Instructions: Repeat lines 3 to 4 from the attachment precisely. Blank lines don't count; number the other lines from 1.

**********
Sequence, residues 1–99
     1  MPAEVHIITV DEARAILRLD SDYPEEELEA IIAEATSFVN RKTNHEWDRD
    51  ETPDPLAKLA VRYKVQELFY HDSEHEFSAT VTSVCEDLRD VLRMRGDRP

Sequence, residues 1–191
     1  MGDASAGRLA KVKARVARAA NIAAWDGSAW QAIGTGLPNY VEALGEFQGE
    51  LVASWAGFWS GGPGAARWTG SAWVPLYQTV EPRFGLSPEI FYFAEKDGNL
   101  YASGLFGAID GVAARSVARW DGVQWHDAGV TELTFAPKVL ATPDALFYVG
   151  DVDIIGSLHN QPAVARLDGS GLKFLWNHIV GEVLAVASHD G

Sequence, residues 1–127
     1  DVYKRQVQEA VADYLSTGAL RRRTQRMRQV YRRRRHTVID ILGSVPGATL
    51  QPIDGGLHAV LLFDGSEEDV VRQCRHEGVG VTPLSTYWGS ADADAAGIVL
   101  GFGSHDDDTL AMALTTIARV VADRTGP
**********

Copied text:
    51  ETPDPLAKLA VRYKVQELFY HDSEHEFSAT VTSVCEDLRD VLRMRGDRP

Sequence, residues 1–191